"It is Sunday morning July twenty second two thousand eighteen coming up on KCBS. Former Trump campaign, advisor Carter page insists that nobody share. Compromising information about Hillary Clinton when he visited Russia. CBS news, update is straight ahead on Jeff bell new, evidence that many breast cancer survivors are not giving, recommended follow up imaging good morning, and thank you for joining us I'm Melissa Ross. It is seven thirty one CBS, news updates one time Trump campaign advisor Carter. Page New York Times reports on, documents that show the FBI telling the foreign, intelligence surveillance court that page has been, collaborating and. Conspiring with the Russian government, on CNN today page has dude sanctions come up when he visited Russia a few people made brought it, up in passing it's A major economic issue and so there may have been a loose conversation I'm very careful in terms of. You know making sure that there's a clear record. Perspective on the Russian leader from Senator Marco Rubio is no. Doubt in my, mind that, Putin has authorized war crimes he. Also possesses between. Us ninety percent of the world's nuclear weapons. It's kind of one of those tough situations where he's you know he was a dictator of a third world country would treat. Them one way unfortunately geopolitical reality means we have to engage with a guy. Like this and, by the way Mr. page and he. Dirt on Hillary Clinton ever come up with the. Russian CBS news update I'm Jim Taylor KCBS, news time seven thirty two well they're companies that make e cigarettes tout their products as. An, aid to, quitting, tobacco cigarettes. However it's KCBS Megan golsby reports a new study shows that. Nut may not be the case Stanton glance is a professor of medicine at UCSF and the director of the school center. For tobacco, control research and education without question some. People have successfully quit smoking cigarettes if you look at, the population as a whole smokers who use e cigarettes for about a quarter less, likely to quit smoking the. Smokers she, don't use e cigarettes in fact the study out of Georgia state found that one year after they began ninety percent of the smokers who had professed a desire to quit and, also had, not given up cigarettes lead author Dr Scott Weaver told KCBS our study, showed that they were less likely but it. Does, not answer the important question why which was then get us to better understand how, if there is potential. E cigarettes helping Smokers, quit how can. We, move in that direction Clinton says it likely doesn't have to do with banana or Kremlin. Flavored, vapors virtually, no, evidence out. There showing that the flavors attract adulterer important for adults quitting. And in fact one of the few studies which is reasonably well done shows the flavors actually make it harder for adults. To quit, Megan gold's be KCBS women have been. Treated for early stage breast cancer often are not following, recommendations for their follow up care that reports KCBS is Jeff bell is the finding, of new research out of. UC San, Francisco what we found was rather surprising Seuss's Benjamin fraught UCSF professor of radiology and biomedical imaging who poured over data on thousands of women who had surgery for cancer in one, breast between, twenty ten and twenty twelve and.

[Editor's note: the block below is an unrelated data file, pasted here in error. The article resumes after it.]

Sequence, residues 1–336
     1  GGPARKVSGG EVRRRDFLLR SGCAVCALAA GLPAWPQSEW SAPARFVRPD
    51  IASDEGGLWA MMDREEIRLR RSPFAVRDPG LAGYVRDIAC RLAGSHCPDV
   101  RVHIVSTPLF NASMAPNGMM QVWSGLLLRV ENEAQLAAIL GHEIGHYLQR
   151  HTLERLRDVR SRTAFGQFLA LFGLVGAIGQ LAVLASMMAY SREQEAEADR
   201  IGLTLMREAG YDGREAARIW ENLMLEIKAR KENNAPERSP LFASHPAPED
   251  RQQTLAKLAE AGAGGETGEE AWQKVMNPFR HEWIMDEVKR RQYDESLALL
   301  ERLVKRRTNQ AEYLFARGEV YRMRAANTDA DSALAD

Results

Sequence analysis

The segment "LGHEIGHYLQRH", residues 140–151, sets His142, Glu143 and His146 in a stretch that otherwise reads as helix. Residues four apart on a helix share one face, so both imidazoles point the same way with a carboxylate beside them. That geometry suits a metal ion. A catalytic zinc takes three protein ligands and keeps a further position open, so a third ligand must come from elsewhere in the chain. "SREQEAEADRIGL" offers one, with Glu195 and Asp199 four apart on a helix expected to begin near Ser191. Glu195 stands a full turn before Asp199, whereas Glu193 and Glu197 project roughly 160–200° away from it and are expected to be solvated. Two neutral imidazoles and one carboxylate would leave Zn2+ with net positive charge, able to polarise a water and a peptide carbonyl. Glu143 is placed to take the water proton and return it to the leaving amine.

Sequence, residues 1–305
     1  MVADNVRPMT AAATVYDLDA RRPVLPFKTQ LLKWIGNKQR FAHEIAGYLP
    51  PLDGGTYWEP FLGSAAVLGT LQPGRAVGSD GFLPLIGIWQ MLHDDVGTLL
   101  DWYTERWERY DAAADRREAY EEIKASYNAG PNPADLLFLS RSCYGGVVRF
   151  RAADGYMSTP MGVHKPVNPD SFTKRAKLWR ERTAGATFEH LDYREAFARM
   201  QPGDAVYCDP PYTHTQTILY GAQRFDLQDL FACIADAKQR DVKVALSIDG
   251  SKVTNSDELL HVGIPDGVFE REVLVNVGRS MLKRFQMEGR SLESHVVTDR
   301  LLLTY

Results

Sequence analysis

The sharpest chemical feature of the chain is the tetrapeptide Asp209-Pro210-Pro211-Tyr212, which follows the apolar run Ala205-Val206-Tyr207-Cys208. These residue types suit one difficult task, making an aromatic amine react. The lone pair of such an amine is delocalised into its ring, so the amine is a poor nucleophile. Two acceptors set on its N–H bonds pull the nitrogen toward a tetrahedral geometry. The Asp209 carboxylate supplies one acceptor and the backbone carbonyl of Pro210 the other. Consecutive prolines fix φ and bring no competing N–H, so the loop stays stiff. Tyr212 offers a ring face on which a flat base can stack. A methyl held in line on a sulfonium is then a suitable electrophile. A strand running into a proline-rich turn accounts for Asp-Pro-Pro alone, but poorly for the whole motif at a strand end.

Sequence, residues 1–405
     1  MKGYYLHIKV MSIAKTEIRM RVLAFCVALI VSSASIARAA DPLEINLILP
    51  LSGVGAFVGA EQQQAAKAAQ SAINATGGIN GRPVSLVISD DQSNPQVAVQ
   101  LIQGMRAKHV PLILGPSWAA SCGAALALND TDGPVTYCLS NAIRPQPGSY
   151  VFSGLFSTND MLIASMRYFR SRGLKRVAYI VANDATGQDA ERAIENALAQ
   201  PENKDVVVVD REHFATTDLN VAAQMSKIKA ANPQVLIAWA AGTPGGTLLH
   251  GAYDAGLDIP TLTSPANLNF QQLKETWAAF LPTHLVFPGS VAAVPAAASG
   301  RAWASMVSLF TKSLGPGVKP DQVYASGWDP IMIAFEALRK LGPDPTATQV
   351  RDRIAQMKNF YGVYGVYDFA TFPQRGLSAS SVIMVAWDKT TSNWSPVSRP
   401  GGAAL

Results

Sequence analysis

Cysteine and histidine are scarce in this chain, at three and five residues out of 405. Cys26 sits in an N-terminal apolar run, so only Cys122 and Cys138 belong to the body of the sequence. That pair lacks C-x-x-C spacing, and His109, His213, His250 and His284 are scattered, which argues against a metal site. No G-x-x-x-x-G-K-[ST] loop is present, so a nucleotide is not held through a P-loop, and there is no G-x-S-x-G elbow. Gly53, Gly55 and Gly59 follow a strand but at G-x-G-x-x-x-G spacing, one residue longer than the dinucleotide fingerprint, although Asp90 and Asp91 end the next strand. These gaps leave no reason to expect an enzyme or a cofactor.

Kcbs Hillary Clinton Senator Marco Rubio Smokers Carter Jeff Bell Putin Russia CBS Advisor Ucsf Megan Golsby New York Times Russian Government Megan Gold Melissa Ross FBI Donald Trump
"school center" Discussed on KNBR The Sports Leader

KNBR The Sports Leader

02:37 min | 2 years ago

"school center" Discussed on KNBR The Sports Leader

"With the rest of the crew yet friend but ask you gotta smuggling where would i said if you get twenty eight because who the heck knows at twenty eight jacky the only thing that we know is that golden state wants a wing player and that they have the twenty eighth pick and there's talk they may buy a pick in the thirties as well joe lake scout little bit over five million dollars to spend and he's willing to spend it espn dot com jonathan given a phony says the georgia tech to guard joshua kogi who's a real good athlete and lit up at the combine in chicago nba draft net says they're gonna go for gary trent junior who's the also very good shooters dad played in the nba he's at duke he's from duke six five two guard yes pin's insider says mova this big man from michigan sports illustrated says grayson allen race is jeremy woo from s isis grayson allen to the warriors and usa today saying mitchell robinson who's a high school center cbs sports gary parrish said jacob evans the third i believe that was fits is you know when i threw a name through to him the other day i think he said he likes jacob bevan's the third nba dot com david aldridge says gary trent nba draft as he said gary trent washington post tim bontemps says melvin frazier if i had to guess i i would love to see him traded up for kevin herder from maryland because he's such a great shooter but if i had to make one guess i think i would go with tim bon temps is pick melvin frazier from two lane who's just a you know very scottie pippen like athlete gary six eight swing man who's not a shooter but he is an awesome long armed wing defender perimeter defender freaky athlete finisher on the break so we'll see we'll see you wanna do the ryan crawford get that let larry again self serving but nonetheless this is my day or my week to be self serving the orion crawford former camby our sales guy who's a big fan of yours scare and he said that he wanted to pass along a message to you and he says huge congrats on a legendary tv career it reminded me that i needed to thank you for an influential moment years ago you made a major impact on me and my first year at cambio was two thousand four i was a twenty three year old sales guy we rode down the elevator a few times when i happened to be in a good mood and we laughed about the show that day you taught me the value of a positive outlook a positive attitude and the value of a handwritten.